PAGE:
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Monday Commentary
Opinion: Preparing for the worst, whilst working to avoid it

Opinion: Preparing for the worst, whilst working to avoid it

Putin’s annexation of parts of Ukraine takes the world to the verge of War, but a stronger and more united global condemnation of Russian aggression can still make Putin step back. Monday Commentary is back. Every Monday, commonspace.eu Managing Editor, Dennis Sammut discusses a hot topic on the European and international agenda. This week he weighs the implications of Russia’s annexation of parts of Ukraine, and the dilemma it poses to the rest of the world. He argues that it takes the world to the verge of a world war involving nuclear-armed states. But this can still be avoided if there is more global unity in condemnation of the Russian aggression.
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News
All together, for now

All together, for now

Russian President Vladimir Putin presided over a ceremony at the Kremlin on Friday, (30 September) to formally annex Donetsk, Luhansk, Zaporizhzhia and Kherson regions of Ukraine into the Russian Federation. "Congratulations! You have successfully cast your vote. I want the Kyiv authorities and their real masters in the West to hear me. People living in Luhansk and Donetsk, Kherson and Zaporizhzhia are becoming our citizens. Forever." "We call on the Kyiv regime to immediately end hostilities, end the war that they unleashed back in 2014 and return to the negotiating table. We are ready for this ... But we will not discuss the choice of the people in Donetsk, Luhansk, Zaporizhzhia and Kherson. That has been made. Russia will not betray them", Putin told an audience of dignatries in the Kremlin. The official annexation was widely expected following the votes that wrapped up on Tuesday in the areas under Russian occupation. Moscow claimed residents overwhelmingly supported that their areas should formally become a part of Russia. The EU, US and other countries have denounced the referendums as "illegal and rigged", saying they were clearly orchestrated by Kremlin. United Nations chief Antonio Guterres said it was a "dangerous escalation" that would jeopardise prospects for peace.  With the formal annexation of Kherson, Zaporizhzhia, Donetsk and Luhansk, nearly 15% of Ukraine's territory will become Russian territory, for now. Ukraine and western countries have vowed never to accept the annexation.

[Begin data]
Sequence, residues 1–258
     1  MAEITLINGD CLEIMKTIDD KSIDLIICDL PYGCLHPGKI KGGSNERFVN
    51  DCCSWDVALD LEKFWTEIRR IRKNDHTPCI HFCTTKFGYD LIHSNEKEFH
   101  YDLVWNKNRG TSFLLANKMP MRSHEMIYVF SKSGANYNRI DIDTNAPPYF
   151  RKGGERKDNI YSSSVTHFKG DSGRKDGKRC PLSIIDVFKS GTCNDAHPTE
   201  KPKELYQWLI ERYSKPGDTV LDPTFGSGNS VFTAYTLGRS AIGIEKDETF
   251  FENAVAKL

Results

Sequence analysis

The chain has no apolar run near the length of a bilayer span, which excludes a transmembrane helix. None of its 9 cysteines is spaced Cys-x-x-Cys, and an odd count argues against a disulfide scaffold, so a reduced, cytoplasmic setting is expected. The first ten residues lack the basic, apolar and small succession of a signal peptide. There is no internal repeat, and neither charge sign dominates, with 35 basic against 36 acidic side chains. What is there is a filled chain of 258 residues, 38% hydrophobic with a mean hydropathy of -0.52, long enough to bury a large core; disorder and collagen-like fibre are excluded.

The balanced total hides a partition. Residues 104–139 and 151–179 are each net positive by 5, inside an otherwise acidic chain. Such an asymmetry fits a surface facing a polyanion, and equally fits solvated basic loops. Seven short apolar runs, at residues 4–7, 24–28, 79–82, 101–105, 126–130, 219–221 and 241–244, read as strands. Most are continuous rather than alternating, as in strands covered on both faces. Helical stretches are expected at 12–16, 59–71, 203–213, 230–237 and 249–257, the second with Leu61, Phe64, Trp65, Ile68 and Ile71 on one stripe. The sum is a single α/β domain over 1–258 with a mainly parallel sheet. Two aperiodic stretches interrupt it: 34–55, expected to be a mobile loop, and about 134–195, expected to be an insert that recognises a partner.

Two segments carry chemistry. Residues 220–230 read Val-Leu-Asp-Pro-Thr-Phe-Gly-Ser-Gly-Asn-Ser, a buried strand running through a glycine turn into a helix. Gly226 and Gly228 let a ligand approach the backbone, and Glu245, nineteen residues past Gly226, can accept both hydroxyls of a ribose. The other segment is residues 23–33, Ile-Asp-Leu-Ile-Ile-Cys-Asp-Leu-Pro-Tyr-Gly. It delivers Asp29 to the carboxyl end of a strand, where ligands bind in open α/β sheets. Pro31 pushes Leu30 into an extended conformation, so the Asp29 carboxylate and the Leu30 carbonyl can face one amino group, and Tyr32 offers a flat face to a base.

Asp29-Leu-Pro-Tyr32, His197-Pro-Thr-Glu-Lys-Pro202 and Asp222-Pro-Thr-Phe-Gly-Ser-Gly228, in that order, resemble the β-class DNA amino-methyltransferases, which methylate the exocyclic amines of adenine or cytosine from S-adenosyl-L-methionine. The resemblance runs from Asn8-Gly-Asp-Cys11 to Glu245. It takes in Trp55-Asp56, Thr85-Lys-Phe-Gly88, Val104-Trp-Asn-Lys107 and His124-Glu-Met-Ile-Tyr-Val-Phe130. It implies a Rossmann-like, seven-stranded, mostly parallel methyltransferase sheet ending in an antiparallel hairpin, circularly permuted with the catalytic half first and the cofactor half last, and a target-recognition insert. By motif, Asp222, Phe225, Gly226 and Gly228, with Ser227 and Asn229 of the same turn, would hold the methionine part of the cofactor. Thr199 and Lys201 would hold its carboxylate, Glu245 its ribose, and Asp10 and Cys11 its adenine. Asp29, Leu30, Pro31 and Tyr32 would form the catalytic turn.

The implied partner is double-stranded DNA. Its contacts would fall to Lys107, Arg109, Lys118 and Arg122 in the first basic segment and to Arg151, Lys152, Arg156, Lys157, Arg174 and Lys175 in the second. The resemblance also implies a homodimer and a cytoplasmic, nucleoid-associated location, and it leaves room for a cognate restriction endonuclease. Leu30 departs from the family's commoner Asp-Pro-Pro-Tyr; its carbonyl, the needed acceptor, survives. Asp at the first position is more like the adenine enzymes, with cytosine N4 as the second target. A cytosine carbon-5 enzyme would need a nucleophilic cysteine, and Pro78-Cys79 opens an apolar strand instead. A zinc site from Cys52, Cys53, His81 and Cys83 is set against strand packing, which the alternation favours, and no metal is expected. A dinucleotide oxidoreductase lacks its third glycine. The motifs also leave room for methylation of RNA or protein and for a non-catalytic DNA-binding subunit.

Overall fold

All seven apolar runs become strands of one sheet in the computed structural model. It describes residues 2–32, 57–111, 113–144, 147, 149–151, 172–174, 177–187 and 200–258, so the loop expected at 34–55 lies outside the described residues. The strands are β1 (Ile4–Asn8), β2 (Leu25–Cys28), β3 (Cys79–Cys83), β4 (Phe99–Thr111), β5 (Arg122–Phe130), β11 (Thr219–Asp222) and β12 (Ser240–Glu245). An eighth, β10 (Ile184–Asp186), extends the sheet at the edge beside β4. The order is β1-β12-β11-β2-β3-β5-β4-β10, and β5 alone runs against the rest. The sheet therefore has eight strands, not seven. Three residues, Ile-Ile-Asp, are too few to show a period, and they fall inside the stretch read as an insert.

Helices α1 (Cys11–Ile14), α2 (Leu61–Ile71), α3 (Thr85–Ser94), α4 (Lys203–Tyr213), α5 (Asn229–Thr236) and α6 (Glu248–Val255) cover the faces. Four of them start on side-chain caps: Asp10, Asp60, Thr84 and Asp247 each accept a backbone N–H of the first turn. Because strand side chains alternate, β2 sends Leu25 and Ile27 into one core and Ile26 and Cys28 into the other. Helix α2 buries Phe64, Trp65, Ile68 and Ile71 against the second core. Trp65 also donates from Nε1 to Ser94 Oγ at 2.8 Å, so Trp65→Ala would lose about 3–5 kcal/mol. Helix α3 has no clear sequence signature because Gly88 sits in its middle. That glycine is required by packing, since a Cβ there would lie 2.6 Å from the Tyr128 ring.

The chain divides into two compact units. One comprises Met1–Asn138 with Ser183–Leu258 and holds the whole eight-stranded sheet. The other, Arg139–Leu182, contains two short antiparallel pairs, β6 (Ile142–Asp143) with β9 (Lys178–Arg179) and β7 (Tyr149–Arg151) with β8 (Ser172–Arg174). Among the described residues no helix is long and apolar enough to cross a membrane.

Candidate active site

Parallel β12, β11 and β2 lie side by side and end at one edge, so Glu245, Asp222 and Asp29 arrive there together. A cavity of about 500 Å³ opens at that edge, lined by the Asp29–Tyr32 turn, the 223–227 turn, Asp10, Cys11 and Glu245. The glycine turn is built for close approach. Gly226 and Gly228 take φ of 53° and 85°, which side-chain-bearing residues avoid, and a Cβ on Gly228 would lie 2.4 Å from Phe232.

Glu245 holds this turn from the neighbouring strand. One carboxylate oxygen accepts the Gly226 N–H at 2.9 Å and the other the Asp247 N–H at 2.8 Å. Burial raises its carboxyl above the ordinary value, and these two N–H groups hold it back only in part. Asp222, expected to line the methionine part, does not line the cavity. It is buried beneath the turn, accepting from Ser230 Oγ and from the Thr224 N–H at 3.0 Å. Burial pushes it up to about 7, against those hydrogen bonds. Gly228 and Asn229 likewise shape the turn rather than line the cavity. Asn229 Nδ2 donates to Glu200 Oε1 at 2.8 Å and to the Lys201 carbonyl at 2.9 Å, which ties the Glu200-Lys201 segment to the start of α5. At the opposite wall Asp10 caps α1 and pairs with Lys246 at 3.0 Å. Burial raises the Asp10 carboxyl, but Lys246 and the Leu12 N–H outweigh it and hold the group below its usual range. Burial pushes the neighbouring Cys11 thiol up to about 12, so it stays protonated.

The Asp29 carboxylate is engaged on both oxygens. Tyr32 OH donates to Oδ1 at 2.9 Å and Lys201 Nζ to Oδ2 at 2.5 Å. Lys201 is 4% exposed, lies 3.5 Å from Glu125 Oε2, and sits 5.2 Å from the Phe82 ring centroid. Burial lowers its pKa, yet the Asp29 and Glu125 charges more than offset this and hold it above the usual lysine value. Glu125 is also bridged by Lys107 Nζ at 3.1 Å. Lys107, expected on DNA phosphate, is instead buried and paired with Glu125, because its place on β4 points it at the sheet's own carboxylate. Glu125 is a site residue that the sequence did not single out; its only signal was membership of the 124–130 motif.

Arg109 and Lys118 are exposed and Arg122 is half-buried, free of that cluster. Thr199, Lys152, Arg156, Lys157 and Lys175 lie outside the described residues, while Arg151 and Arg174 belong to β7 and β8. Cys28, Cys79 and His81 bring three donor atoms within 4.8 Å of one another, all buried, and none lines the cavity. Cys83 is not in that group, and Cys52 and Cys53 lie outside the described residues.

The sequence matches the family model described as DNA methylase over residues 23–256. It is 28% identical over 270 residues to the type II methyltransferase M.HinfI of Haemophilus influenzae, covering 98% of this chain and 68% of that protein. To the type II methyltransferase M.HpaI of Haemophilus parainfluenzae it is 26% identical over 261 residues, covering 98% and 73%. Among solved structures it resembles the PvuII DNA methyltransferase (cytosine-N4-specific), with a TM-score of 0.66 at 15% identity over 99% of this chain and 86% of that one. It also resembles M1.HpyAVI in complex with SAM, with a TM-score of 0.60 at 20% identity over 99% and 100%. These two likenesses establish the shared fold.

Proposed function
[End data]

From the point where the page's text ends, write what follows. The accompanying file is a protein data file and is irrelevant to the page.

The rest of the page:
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News
CICA set to become an international organisation at this month's Astana summit

CICA set to become an international organisation at this month's Astana summit

The Conference on Interaction and Confidence Building Measures in Asia (CICA) is set to become a fully fledged international organisation during a summit of leaders of its members to be held in Astana, Kazakhstan on 12-13 October. A Special Working Group (SWG) meeting held on 28-29 September, has made a major advance in preparing draft documents to be adopted at the upcoming sixth CICA Summit. The main document includes a draft Astana Statement on CICA Transformation, which is designed to transform CICA into a full-fledged international organization. Other draft documents include a draft of the CICA Leaders’ Statement on Cooperation in the Field of Security and in the Use of Information and Communications Technologies and draft the CICA Plan of Action on the Implementation of the United Nations (UN) Global Counter-Terrorism Strategy.
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Editorial
Editorial: A dark day in the history of Europe

Editorial: A dark day in the history of Europe